Engaging the Anti-NATO

The SCO is more than just an old autocrat's club. Washington should rethink its stance on the organization.

This month, the Shanghai Cooperation Organization (SCO) is celebrating its tenth anniversary. The United States has looked to various regional organizations as partners on transnational issues and to help promote stability worldwide, but what about the SCO? At one time reviled by some as the “anti-NATO,” where does the SCO stand now? And where does the United States stand on the SCO?

Following are some conventional arguments against US engagement with the SCO and rebuttals that Washington officials might consider if they’re looking for some help in Eurasia.

The SCO is just a club for autocratic regimes.

They are there, but that’s not all who’s there. SCO members China, Russia, Uzbekistan and Tajikistan long ago established their authoritarian credentials. But other members—Kazakhstan and Kyrgyzstan—represent the best hopes in years for more representative governments in the region. Kazakhstan just held an election where its Soviet-legacy ruler achieved an unchallenged 95 percent of the vote, but even the US State Department lauded it for “learn[ing] from mistakes of those governments in the Middle East, and try[ing] to get out in front of change and the need for change.” Kyrgyzstan has ousted its last two presidents unceremoniously, but now its caretaker government, headed by a former ambassador to the US, has led the nation through a referendum, adopted a parliamentary system of government and held free parliamentary elections.

The SCO’s observer states—India, Iran, Mongolia, and Pakistan—represent the range of political systems. India this year joined Pakistan and Iran in applying to be a full member, and Afghanistan has asked for observer status, according to Russia’s foreign minister.

The US already has bilateral relationships with SCO states (although Iran is a special case), so Washington’s association with human-rights-challenged nations already exists. The difficulty is getting the balance right—cooperating on shared interests without endorsing unjust methods, and using opportunities to encourage change without spooking existing regimes.

The U.S. can achieve what it wants in the region using bilateral relationships alone.

Good luck with that. Bilateral relationships are irreplaceable, but whether it is the EU, NATO, Arab League or the African Union, the realities of global reach, influence, and strained resources mean Washington (and everyone else) must work with regional institutions.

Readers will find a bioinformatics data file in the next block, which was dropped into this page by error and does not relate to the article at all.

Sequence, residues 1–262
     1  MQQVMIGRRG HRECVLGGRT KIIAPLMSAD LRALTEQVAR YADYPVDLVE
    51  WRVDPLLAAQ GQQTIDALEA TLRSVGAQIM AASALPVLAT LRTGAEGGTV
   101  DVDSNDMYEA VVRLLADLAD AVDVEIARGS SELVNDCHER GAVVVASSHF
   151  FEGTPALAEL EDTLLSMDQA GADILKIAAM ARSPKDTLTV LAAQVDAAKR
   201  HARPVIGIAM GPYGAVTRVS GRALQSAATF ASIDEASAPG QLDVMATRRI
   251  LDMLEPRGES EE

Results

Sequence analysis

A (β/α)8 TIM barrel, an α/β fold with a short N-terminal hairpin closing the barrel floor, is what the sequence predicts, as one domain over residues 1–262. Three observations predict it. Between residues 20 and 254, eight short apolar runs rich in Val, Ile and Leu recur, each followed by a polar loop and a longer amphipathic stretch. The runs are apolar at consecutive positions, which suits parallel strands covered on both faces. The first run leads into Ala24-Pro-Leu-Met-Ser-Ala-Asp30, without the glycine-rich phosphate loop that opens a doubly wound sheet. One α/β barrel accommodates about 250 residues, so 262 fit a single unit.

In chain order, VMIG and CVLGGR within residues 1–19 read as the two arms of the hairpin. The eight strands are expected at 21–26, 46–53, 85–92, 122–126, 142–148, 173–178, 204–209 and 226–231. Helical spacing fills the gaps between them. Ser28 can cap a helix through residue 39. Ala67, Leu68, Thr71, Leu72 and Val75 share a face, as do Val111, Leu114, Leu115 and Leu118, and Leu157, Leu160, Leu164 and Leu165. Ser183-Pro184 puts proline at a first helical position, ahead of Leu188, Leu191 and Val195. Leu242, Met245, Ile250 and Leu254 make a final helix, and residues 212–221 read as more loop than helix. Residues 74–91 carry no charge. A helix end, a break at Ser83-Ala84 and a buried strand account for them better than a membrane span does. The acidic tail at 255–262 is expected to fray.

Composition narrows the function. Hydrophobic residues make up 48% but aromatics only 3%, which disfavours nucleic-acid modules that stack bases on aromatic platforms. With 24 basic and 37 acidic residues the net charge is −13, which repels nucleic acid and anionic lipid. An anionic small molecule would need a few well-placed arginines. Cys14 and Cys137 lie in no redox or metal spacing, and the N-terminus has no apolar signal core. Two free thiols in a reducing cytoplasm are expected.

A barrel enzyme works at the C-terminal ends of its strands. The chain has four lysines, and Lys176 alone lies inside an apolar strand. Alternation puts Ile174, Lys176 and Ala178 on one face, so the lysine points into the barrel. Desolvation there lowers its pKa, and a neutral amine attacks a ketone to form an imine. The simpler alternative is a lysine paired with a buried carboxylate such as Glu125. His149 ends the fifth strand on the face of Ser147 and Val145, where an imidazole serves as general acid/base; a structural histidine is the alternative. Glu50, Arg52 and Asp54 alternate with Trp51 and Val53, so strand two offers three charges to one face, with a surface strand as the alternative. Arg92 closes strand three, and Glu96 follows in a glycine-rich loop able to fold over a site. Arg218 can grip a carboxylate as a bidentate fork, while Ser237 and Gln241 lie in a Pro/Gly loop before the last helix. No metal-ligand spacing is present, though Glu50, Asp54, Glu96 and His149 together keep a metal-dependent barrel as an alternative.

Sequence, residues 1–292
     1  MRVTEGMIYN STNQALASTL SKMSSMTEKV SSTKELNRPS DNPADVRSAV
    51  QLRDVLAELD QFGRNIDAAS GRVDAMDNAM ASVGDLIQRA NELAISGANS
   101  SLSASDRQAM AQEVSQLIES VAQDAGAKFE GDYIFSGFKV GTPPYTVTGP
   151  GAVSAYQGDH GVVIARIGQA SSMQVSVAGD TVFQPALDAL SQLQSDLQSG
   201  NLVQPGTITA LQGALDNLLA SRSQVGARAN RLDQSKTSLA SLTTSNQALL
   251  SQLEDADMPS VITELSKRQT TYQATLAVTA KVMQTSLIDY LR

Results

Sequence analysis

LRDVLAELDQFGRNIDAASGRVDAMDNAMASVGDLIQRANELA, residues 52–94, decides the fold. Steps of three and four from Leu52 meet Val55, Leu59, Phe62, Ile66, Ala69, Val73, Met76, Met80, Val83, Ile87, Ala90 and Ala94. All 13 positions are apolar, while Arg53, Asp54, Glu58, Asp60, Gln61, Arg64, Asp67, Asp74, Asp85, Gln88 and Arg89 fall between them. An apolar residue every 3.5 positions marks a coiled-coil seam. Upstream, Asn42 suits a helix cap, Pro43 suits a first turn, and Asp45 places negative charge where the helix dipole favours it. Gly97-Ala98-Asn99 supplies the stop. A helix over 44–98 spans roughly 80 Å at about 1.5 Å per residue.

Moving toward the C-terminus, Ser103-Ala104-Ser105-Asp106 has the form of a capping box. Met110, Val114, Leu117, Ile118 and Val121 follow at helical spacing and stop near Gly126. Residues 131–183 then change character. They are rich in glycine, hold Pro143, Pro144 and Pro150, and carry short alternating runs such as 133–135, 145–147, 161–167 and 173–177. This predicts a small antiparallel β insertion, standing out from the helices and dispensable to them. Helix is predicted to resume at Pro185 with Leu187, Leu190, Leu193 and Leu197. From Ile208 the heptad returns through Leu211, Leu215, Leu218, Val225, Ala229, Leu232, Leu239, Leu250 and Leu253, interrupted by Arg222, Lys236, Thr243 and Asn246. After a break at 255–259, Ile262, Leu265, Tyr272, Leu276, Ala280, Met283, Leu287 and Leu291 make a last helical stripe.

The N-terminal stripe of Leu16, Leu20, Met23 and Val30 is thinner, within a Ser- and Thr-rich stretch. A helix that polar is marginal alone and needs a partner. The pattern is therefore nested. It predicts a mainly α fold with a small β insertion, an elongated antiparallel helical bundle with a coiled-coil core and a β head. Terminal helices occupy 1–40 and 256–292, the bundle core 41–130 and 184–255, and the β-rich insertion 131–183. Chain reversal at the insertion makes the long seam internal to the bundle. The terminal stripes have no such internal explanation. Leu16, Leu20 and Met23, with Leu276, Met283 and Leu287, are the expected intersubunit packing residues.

The US has realized this and begun to act. Last year, it attended the East Asia Summit for the first time, established unprecedented high-level bilateral meetings with the African Union, worked with Kazakhstan to host the first OSCE summit since 1999 and has reinvigorated its participation in ASEAN.

The US, for the first time, sent a representative to a SCO-sponsored international conference on Afghanistan in 2009, which resulted in an action plan that encouraged member states to work with international and other parties, including NATO, to counter the drug trade through enforcement and economic development of Afghanistan. And last year, also for the first time, Russian counternarcotics officials participated in a successful NATO and Afghan raid on drug labs in Afghanistan. Whether that action was a direct outcome from American participation in the conference is difficult to tell, but it probably didn’t hurt.

The SCO is anti-West and anti-NATO.

Not necessarily. The SCO in 2005 asked for Coalition forces to establish an end date for their use of Central Asian bases to support the fight in Afghanistan. But, in context, it was not surprising. Military action then seemed on the verge of completion and purported US support of color revolutions in Georgia, Ukraine, and Kyrgyzstan—as well as US criticism of Uzbekistan’s violent suppression of domestic unrest—had unnerved SCO leaders fearful of additional regime change. For the SCO, the US had worn out its welcome and later that year Uzbekistan ordered US forces to leave its Karshi-Khanabad air base.

But since then, SCO participants have seen how they might use the US presence in the region to their own benefit. Kyrgyzstan has been able to leverage Washington’s needs as it raises the rent for use of the Manas transit facility, and Russia has been able to reassert itself in Afghanistan by partnering with NATO on counternarcotics raids, for example. Even Beijing likely appreciates the West’s contribution to regional security as Chinese businesses pursue trade and investment in Afghanistan. Moreover, all of the SCO members except China are to some degree involved in NATO’s Partnership for Peace program.

The White House might think that the SCO would not be receptive to improving relations, but if the United States is rebuffed, it’s more likely the SCO would suffer from a loss in prestige than Washington.

The SCO is only a talk shop.

Not so fast. A review of the SCO’s past decade shows it’s doing well considering its consensus operating style, diverse membership, and historical regional animosities.

Security accomplishments are easiest to cite: compilation and sharing of terrorism information, assistance to high-profile international events, regular joint exercises involving border, law enforcement, and military forces.

The SCO’s bureaucratic development and concerted outreach to external groups like the UN, ASEAN, EU, and OSCE are important, too, because they underscore the organization’s drawing and staying power and provide increased legitimacy to the SCO as a regional player.